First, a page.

Bash’s $_ variable (last argument)

A few weeks ago, I found out about the incredibly useful Bash variable $_, which means “the last argument of the last command executed”.

It’s kind of similar to Perl’s $_ var in some ways, and can save a lot of typing.

Here’s an example of it in use:

[davidp@supernova:~]$ ls -l /var/log/apache/access_log
-rw-r--r-- 1 root root 33771565 2007-07-04 07:48 /var/log/apache/access_log
[davidp@supernova:~]$ echo $_

Notice that when I echo’d $_, it contained the last argument of the previous command.

Now for a more useful, real-world example – changing ownership and permissions on a file:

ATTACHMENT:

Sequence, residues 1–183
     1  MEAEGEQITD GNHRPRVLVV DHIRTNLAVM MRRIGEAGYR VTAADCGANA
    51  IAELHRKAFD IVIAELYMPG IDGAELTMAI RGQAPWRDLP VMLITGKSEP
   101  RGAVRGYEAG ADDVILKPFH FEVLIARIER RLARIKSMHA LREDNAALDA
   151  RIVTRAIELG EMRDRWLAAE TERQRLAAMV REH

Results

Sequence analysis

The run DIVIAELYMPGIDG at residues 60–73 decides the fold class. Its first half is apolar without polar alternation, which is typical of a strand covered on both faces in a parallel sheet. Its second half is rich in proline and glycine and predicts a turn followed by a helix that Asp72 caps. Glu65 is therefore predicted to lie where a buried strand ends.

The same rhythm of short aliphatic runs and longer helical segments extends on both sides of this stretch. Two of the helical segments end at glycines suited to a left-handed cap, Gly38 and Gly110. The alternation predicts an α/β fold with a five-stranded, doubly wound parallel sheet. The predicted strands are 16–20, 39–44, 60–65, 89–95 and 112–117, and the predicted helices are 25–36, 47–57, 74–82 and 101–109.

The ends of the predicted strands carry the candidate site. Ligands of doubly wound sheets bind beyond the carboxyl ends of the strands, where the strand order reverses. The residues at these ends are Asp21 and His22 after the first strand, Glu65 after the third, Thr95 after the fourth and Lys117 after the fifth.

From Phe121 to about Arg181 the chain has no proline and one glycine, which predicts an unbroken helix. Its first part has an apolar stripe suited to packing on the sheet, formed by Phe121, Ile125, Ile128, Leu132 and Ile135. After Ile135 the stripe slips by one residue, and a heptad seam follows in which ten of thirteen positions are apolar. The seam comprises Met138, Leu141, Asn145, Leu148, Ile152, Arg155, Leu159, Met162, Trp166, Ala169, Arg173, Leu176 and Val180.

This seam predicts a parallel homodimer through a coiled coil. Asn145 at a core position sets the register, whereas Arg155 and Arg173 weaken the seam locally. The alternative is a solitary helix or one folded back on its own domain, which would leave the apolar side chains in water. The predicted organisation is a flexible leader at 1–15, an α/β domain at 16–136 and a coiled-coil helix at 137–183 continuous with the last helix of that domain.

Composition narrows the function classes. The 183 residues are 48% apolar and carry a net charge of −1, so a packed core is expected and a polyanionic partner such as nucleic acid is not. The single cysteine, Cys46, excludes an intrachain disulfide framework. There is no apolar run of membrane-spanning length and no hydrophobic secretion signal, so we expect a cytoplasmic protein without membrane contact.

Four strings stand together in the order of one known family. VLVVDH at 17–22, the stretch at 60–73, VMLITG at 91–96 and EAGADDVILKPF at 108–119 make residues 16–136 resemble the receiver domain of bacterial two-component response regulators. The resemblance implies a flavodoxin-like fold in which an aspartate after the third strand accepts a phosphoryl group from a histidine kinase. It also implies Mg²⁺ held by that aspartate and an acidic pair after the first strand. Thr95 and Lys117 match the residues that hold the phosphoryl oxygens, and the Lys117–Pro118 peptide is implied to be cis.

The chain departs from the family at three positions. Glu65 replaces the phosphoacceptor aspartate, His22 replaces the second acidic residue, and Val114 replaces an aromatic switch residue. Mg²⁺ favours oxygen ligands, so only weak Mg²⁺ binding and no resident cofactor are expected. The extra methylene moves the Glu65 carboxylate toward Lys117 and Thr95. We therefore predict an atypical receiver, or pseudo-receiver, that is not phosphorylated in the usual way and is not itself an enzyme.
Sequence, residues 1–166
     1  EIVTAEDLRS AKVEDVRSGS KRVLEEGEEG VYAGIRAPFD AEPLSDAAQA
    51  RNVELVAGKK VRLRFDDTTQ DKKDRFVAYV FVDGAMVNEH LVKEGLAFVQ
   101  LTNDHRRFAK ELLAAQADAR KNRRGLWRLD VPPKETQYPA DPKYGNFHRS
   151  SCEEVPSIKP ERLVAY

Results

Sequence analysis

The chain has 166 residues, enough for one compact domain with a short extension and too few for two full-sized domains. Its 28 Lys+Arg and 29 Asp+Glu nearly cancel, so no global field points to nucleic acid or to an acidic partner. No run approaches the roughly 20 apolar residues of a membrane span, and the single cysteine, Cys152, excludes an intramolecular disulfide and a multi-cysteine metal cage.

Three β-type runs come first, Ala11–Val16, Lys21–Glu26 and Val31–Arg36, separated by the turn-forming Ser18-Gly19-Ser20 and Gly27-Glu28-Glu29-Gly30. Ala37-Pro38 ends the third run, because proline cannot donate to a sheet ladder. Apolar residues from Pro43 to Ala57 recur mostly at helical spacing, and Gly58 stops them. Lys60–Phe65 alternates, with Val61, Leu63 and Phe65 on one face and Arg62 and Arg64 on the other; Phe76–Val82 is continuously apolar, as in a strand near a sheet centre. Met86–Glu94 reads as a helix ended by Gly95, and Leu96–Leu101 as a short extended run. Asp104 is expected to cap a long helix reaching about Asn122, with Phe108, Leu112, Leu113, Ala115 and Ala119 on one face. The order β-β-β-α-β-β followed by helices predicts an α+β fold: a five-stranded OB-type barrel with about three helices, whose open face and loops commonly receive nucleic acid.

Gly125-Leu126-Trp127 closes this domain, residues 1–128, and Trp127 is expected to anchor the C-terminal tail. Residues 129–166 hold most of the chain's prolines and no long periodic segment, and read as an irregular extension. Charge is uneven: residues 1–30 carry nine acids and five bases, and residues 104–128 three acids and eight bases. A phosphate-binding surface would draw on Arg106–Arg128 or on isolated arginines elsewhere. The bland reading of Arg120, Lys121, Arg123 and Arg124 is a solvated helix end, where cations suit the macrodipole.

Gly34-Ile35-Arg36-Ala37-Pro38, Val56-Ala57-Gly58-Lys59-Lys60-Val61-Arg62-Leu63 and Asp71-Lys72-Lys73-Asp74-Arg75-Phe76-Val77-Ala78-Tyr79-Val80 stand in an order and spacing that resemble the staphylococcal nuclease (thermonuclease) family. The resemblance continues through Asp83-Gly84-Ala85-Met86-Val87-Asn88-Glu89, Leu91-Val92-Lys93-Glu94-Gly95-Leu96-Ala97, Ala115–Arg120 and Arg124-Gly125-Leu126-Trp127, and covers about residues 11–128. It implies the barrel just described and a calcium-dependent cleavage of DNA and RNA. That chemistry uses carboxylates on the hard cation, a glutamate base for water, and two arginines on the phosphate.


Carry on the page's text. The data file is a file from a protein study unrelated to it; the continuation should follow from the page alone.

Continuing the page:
chown davidp:users /some/long/path/file && chmod g+rx $_

Using $_ in the chmod command saved a good bit of typing – obviously the $_ will contain the path to the file we’re talking about, as it was the last argument to the previous command.

2 thoughts on “Bash’s $_ variable (last argument)”

  1. If you’re using bash interactively, then you can just use alt+. (alt+period) to “type” the last arg of the last command.

  2. The same thing applies to !$. As in:
    $ mkdir /very/very/very/very/long/filepath
    $ cd !$
    Those keys are just easier for me to reach. Preference I guess. :)

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